Finland is a leader in the participation of women in crisis management and more broadly in building peace and security. In international forums, the Finnish police emphasise the importance of recruiting female police officers both for the field and management positions.
Each year, Finland sends around 40 police officers to international missions, usually UN or EU peacekeeping or civilian crisis management operations. Crisis Management Centre CMC Finland trains, recruits and equips Finnish police officers for civilian crisis management missions in the world and acts as their state employer during the assignment.
Finland is a leader in the participation of women in crisis management and more broadly in building peace and security. Half of Finland’s civilian current crisis management experts are women – equality works well. By international comparison, the number of women is one of the highest in the world. The police are the largest professional group of civilian crisis management experts in Finland sent to the EU and UN.
By international comparison, police training in Finland is long and the skills are of a high calibre. We come out well in international benchmarking and are readily recruited for international missions.
Many Finnish women have served in management tasks in crisis management operations. The Finnish police have done long-term work to achieve the same for the police: now the police component (UNPOL) in the United Nations Peacekeeping Force in Cyprus (UNFICYP) is headed by a female Finnish police officer.
In addition, we have female police officers in various demanding field tasks in UN and EU crisis management operations. Finnish female police officers have also worked in civilian tasks in the NATO ISAF operation. The Finnish police are continuously emphasising the importance of recruiting female police officers both for the field and management positions.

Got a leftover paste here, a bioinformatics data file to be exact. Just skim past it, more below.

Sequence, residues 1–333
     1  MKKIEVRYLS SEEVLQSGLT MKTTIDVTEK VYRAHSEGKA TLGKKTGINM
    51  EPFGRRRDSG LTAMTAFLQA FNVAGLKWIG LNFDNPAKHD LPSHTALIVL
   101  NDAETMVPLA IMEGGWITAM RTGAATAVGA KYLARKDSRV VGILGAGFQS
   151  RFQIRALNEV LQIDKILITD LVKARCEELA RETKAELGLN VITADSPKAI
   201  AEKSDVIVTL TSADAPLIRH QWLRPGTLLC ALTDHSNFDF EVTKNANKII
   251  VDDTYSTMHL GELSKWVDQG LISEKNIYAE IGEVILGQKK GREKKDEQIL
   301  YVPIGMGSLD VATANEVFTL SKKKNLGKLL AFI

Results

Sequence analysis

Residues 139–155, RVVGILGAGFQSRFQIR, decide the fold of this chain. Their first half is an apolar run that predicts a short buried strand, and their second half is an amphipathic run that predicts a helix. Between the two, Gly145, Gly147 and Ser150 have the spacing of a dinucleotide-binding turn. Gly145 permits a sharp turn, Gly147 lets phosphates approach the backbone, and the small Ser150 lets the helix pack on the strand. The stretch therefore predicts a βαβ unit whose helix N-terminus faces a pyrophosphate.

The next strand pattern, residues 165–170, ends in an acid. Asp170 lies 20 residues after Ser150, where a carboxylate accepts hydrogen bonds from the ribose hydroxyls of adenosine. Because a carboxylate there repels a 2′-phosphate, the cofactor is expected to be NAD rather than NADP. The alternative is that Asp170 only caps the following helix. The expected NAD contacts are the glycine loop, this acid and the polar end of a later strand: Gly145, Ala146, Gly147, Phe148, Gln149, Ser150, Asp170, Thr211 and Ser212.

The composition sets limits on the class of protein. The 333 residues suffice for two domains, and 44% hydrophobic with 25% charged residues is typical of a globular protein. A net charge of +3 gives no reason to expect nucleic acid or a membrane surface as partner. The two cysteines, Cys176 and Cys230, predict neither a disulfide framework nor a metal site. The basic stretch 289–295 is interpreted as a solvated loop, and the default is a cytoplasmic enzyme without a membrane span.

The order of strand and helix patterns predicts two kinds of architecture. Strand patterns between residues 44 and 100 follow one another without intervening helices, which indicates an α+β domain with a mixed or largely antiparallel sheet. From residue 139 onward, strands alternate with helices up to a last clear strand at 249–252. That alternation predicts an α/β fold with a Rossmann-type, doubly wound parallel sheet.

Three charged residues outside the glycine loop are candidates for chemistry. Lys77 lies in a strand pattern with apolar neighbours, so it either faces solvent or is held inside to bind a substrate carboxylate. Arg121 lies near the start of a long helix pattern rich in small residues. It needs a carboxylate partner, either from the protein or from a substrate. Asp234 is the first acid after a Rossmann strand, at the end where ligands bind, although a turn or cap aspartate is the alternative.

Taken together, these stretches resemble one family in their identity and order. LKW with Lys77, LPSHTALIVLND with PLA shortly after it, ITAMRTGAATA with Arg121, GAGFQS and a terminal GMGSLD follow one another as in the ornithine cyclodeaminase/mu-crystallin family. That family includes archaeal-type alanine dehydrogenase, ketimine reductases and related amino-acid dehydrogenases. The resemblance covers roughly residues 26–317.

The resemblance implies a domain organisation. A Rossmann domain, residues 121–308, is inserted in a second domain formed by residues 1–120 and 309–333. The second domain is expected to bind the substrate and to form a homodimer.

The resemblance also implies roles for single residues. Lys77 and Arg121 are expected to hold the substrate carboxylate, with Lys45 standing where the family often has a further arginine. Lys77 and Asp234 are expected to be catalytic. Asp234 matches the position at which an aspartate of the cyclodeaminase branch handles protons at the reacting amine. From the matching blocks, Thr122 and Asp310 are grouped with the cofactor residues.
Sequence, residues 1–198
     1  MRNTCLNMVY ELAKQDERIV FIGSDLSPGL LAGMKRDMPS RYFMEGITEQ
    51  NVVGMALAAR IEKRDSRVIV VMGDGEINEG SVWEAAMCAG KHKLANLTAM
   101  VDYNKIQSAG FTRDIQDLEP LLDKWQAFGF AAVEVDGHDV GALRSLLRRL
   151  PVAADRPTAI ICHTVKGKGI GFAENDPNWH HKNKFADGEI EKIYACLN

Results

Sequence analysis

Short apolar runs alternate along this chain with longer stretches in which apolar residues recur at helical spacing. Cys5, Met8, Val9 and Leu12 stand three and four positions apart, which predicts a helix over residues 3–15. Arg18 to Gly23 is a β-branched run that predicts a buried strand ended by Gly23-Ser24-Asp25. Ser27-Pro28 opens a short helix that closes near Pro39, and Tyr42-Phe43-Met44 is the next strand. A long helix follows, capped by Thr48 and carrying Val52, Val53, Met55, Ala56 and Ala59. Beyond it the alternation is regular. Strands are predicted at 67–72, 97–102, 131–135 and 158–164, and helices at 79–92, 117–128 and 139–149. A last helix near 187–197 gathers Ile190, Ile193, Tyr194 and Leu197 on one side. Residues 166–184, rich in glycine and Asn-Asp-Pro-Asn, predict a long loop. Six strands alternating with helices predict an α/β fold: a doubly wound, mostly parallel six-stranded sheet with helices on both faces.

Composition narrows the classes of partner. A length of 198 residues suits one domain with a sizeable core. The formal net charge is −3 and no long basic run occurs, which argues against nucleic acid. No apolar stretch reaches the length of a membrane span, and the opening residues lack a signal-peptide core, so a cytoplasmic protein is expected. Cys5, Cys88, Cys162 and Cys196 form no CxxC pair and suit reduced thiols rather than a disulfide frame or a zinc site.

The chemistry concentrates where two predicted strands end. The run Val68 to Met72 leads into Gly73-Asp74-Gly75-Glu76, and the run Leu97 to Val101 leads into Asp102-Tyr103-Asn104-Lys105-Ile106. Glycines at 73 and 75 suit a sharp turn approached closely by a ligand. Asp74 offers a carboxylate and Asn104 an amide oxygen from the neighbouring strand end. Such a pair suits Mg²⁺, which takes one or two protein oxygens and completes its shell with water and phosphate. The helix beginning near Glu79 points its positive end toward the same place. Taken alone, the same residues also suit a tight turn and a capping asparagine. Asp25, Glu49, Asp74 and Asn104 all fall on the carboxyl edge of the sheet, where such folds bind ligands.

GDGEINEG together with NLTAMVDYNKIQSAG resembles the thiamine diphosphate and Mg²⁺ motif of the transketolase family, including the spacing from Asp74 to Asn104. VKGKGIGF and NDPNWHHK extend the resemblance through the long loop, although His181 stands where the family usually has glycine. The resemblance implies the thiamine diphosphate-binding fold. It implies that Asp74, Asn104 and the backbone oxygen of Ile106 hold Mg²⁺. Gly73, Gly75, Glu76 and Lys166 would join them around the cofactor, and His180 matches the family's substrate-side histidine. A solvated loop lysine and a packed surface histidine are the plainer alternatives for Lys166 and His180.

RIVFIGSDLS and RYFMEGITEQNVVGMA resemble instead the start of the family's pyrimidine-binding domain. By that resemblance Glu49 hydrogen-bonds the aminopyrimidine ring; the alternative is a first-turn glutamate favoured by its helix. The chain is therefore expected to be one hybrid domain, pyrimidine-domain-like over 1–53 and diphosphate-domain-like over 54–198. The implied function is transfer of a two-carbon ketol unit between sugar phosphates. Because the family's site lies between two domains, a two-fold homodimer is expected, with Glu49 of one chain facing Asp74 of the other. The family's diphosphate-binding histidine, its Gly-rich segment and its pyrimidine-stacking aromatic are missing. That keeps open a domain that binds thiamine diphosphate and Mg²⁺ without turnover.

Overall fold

Issues of equality and non-discrimination play a key role in the mandates and operations of international actors like the EU, UN and OSCE. Finnish applicants aspiring to these tasks need to understand why and how equality is promoted in international arenas, and especially in conflicts.
Recent years have seen the Finnish police support the advancement of equality through practical means such as by encouraging and supporting police officers, and in particular female police officers, to apply for civilian crisis management operations. In addition, structural hurdles to recruiting female police officers have been removed by reducing the minimum police experience required to apply for the mandatory basic training in civilian crisis management from eight years to five in accordance with UN recommendations. Why is this important? Women have many roles and practice has shown that it is often more difficult for women with small children than men to gain experience of field operations in crisis areas. This means that women it is easier for women to apply for civilian crisis missions either before starting a family or when the children are older. However, progressing up the career ladder would require international experience.
The approach of the police is to understand the challenges facing the advancement of equality and to act with practical actions so as to make the best possible use of the skills of all our employees. We have been very successful on this front in international arenas and we will continue this work.
Happy Day of Equality!
Niina Koivisto National Police Board Twitter @KoivistoN
Caption: Finnish Satu Koivu is the first woman to hold a senior UN police post.